Sometimes you have no choice but to run. You’re hurt, tired, blind, or injured and you need to run out the clock. And as much as you want to turn and run away, that’s the worst thing you can do. Running will only rapidly exhaust what little space and energy you have left.
Knowing how to retreat can help you avoid dozens of punches while using only a little bit energy and space. Done cleverly, it will not only buy you time but also create counter-punching opportunities for you.
Learn how to make it difficult for your opponents to take your ground
…even when you’re not fighting for it.
How to Give Up Your Ground
Learning how to retreat is an especially important skill for beginners. It will help you survive in losing situations against bigger, stronger, or more skilled fighters. Knowing how to retreat will prevent you from taking damage when you have no choice but to run.
Sometimes you’re hurt, or you’re tired, or maybe there’s something in your eye, or your nose is clogged and you can’t breathe. Or maybe you’re winning and you just want to run out the clock. There are a multitude of reasons for not wanting to engage. Heck, Floyd Mayweather, one of the greatest fighters of our time is constantly making use of the retreat maneuver…so why not you?
There are two tips, or better yet, 2 RULES for retreating:
RULE #1 – Don’t give up any more ground than needed
- give up a few inches for each punch, or each combo
- giving up too much ground wastes space and energy
Anytime that you want to avoid a punch, all you have to do is step back a few inches. You don’t even have to do it with both feet. You could just step back or step to the side a few inches with either foot and that will be enough. No more worrying about slipping and blocking and all that, just step back a few inches and you will be clear. And if he’s real aggressive with a combination, one step or even a few steps could easily evade the whole combination altogether.
The common mistake is give up too much ground. For example, this would be jumping back 2 feet when all he did was throw a jab. Or running halfway across the ring when all he did was throw a 1-2. It’s a bad idea because you’re exerting far more energy than he is because you’re moving your whole body and he’s only throwing his arms around. The other problem is that you’ll quickly run out of space this way. And now you’re in a terrible situation because not only are you tired but you also don’t have any more space to run.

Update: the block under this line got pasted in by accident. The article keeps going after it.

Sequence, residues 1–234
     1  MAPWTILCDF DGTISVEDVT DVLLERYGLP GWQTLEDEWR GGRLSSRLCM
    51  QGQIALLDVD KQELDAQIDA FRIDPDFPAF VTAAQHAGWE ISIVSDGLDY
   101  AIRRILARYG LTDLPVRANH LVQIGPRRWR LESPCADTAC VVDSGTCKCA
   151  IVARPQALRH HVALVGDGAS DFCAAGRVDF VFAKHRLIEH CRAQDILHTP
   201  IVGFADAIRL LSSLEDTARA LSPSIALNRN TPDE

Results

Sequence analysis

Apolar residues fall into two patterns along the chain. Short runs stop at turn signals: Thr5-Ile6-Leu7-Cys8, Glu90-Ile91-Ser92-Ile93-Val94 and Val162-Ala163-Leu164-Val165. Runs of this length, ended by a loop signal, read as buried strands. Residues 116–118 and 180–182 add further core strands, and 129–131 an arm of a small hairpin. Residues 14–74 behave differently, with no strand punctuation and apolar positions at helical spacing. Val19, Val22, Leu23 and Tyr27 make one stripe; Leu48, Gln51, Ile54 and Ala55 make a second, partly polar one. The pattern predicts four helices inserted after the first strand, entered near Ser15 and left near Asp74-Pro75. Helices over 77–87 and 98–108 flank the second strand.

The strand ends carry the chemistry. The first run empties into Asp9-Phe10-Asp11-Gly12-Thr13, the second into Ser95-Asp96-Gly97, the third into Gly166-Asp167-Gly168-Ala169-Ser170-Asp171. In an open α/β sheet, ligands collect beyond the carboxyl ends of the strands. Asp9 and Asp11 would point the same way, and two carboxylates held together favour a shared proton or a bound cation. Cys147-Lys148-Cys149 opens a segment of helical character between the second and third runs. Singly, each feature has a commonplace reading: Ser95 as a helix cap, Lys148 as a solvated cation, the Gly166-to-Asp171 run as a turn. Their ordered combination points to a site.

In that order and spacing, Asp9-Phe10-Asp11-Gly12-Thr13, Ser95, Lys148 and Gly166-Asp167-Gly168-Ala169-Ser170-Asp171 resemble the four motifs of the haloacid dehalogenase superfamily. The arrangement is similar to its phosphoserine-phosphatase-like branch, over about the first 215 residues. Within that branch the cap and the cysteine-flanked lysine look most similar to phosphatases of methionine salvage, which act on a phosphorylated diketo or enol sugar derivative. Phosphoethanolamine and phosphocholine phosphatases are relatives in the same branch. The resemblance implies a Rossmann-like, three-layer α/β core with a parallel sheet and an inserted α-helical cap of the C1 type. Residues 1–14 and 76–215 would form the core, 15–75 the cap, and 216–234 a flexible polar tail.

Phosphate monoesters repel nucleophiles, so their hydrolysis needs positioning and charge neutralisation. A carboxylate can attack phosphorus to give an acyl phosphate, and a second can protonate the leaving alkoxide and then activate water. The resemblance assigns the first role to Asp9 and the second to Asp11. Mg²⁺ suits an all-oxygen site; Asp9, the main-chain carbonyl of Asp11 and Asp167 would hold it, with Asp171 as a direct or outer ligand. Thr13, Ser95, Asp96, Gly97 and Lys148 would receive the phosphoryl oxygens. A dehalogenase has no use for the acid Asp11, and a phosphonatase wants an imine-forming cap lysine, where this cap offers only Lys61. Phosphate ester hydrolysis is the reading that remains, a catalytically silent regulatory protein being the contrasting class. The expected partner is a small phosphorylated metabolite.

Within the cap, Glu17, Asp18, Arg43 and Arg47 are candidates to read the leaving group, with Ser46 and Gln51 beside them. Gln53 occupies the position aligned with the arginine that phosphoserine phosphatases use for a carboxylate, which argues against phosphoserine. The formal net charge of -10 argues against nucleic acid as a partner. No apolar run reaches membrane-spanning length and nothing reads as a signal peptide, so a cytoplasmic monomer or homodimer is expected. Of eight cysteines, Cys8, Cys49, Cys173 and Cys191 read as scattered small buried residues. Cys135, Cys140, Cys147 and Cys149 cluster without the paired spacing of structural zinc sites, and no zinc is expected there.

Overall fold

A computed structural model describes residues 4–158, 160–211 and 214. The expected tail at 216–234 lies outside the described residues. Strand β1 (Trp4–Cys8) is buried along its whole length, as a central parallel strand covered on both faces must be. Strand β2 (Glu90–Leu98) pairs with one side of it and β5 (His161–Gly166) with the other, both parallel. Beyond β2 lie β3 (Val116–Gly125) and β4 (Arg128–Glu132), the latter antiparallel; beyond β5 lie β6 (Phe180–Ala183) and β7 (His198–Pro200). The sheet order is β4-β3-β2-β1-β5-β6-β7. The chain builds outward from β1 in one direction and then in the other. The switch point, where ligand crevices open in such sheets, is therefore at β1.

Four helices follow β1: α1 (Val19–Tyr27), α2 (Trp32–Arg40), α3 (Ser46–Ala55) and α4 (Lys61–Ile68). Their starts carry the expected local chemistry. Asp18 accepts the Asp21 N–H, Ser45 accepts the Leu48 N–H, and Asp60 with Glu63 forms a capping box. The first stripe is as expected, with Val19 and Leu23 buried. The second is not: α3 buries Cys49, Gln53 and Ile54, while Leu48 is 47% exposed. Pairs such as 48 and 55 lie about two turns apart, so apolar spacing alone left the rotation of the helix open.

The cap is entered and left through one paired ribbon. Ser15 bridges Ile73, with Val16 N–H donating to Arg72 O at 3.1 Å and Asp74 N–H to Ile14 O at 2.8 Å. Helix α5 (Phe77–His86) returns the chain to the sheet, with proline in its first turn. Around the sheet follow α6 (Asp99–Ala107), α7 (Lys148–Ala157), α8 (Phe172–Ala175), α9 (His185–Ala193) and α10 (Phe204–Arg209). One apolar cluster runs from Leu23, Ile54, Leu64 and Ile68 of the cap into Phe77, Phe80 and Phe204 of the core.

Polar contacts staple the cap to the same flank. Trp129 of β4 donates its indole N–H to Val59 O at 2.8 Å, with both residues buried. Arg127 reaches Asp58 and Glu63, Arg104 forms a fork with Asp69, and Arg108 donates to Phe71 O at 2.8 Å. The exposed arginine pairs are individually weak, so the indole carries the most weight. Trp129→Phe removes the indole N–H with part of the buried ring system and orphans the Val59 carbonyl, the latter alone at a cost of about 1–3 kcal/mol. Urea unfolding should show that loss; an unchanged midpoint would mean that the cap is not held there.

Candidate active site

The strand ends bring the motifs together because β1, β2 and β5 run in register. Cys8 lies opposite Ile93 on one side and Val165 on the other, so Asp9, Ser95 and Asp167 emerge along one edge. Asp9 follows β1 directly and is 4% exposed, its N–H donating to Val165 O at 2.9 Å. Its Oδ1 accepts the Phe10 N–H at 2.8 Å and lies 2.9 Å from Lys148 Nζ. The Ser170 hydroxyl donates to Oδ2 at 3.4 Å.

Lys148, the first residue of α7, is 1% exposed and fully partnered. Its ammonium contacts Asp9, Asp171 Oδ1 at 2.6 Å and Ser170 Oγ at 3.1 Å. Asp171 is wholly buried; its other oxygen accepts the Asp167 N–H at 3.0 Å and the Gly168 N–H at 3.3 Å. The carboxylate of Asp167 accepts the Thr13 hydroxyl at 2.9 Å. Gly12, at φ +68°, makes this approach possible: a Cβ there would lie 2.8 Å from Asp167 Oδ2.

To preserve your space and energy,
only give up a few inches of ground.
RULE #2 – Don’t give up any more position than needed
- move your head, your body, or your feet, but not all at once
- you have more movement opportunities while using less space
- you can avoid more punches while using less energy and less space
- this also forces your opponent to use more effort and expose himself to your counters
When you retreat from a position, you don’t have to give up your entire body space all at once. You can give up your position in increments. For example if the punch is high, you can simply lean your head out of the way instead of moving your body away entirely. If the punch is low, you can pull your hips back instead of moving your body away entirely. And then finally when you need, you can move your feet which takes your body away entirely.
By not moving your entire body away all at once,
you can avoid more punches while using
less energy and less space.
So for example if your opponent was to throw a combination, you can lean back, then pivot your body, then step, then slip, then step again, another pivot, another lean, another slip, another step. You can alternating again and again between little subtle movements and steps to give up as little ground as possible. This will help you avoid more punches while using less energy and space. This also develops your skill in using angles to evade which at the same time creates counter-punching opportunities for you as your opponents swings and misses at different angles while you are still in range.
To help you better understand this theory, please watch my video up above for example movements.
How to Practice Retreating
Practice your subtle retreat moves in shadowboxing, on the mitts, against a slow-punching opponent, and finally in sparring. Learn how to be efficient in your movements and use smaller and smaller moves. Otherwise, you’ll burn all your energy running and only give him more room and confidence to throw more punches at you.
My last tip is to keep a presence in front of your opponent.
If you run away and give up your ground too easily, it will be as though there is nothing to keep him from running straight into you. Instead, you want to maintain a physical presence right in front of him. Like your body forms an imaginary wall. And even if he wants to run into you, he can only run into you one inch at a time. Because you’re still there, turning, slipping, pivoting, ducking, dodging, and stepping all over. Yes, you’re running away, but you’re still there! You are not a ghost, you are a physical mass still holding your ground.
You’re running away but you’re still there!
Ultimately, retreating is supposed to help you preserve, time, space, and energy. And once you’ve gotten your breather, the only way to keep him off you is to fight back. So do all that running and then get back to punching!